83.5875.7864.64
London
– City
76.1875.2977.97
Perth
75.7773.8574.74
Geneva
63.70 65.31 72.83
São Paulo
63.50 63.43 71.42
cBD cAP rATe (%)
cLAss A / NeT reNT (UsD/s/Yr)
10.259.009.004.904.754.704.004.003.903.502.672.500.01.02.03.04.05.06.07.08.09.010.011.0Rio de JaneiroMexico CityBuenos AiresNew York, NY - Midtown South ManhattanVancouver, BCNew York, NY - Midtown ManhattanLondon - West EndZurichSingaporeViennaHong KongTaipeiAsia PacicEMEANorth AmericaLatin America
TOP Three mArKeTs BY reGiON: JUNe 2012 cAP rATe (%)
*Tokyo rents listed are gross rents.
 
P. 2 | cOLLiers iNTerNATiONAL
trends and forecast
| 2012 | office | GLoBAL
Panama City 4,226,862Singapore 3,896,532Shanghai 5,480,466New York, NY -Downtown ManhattanRio de Janeiro 7,661,260Mexico City 8,481,452Jakarta 9,228,884Beijing 9,827,581Tokyo 11,325,147São Paulo 14,641,067MARKET JUNE 20125,200,000
6.5%$22.804.7%$35.806.5%$22.804.7%$35.804.75%$34.536%$21.645.5%$41.926.5%$16.856.5%$13.715.6%$24.716.2%$20.616%$25.634.9%$25.87
 
5%$23.147.8%$11.490%$36.8
$100 or more
$50 to $100
$25 to $50
less than $25N/A
New York-DowntownVictoriaVancouverCalgarySeattleBostonNew York-Midtown SouthNew York-MidtownMontrealChicagoDenverSan FranciscoAtlantaHouston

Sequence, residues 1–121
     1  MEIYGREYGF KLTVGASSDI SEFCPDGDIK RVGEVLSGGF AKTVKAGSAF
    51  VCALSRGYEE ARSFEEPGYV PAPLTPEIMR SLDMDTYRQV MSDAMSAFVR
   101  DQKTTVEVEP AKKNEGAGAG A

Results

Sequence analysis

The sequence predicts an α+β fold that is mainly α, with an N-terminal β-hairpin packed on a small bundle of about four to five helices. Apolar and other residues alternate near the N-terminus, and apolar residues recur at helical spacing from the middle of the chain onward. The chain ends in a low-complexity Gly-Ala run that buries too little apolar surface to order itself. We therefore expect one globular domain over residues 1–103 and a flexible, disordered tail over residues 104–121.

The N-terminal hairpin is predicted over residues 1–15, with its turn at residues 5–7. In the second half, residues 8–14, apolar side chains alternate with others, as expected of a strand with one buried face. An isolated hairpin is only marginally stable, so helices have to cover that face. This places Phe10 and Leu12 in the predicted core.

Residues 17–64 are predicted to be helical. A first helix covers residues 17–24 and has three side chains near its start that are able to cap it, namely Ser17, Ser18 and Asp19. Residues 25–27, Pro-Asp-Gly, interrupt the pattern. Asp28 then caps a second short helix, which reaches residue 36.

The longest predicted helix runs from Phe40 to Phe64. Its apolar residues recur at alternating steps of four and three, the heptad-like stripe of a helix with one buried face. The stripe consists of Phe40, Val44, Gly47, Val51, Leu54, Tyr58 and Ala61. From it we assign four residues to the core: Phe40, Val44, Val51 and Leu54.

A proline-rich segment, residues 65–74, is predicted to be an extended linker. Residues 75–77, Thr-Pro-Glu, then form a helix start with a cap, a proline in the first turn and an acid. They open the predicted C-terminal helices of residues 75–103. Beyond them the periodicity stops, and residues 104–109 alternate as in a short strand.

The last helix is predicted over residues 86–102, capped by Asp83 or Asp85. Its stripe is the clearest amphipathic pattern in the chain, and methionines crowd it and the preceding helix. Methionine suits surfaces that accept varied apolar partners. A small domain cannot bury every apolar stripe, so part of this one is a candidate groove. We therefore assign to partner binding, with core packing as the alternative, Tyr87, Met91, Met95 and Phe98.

Average Class ANet Rents andCap Rates – June 2012
TOP 10 Oice mArKeTs wiTh The mOsT sPAceUNDer cONsTrUcTiON (sqUAre eeT)
Oce demand to remain stableOce demand to increaseOce demand to decrease
Oce Demand Outlook Arrows
GLOBAL 2013 OrecAsT:
•
Expect only modest improvement in North American ofce vacancy rates overthe next two years, with the exception o a ew strong ICEE markets.
•
Central and Eastern Europe are eeling the eects o economic stagnation.Greater certainty in the eurozone is still some ways away, although acontinued improvement in activity is expected by mid-2013.
•
Rents in UK regional markets should remain stable due to the lack o Grade Aspace. Most markets will reach a ‘tipping point’ by mid-2013 at which timeurther rental growth is expected.
•
The outlook or the Beijing ofce property market, especially in the Class Asector, should continue to be positive; with investment market in the ofceproperty sector to also remain strong.
> UNiTeD sTATes Oice DemAND DriVeN BY Tech, eNerGY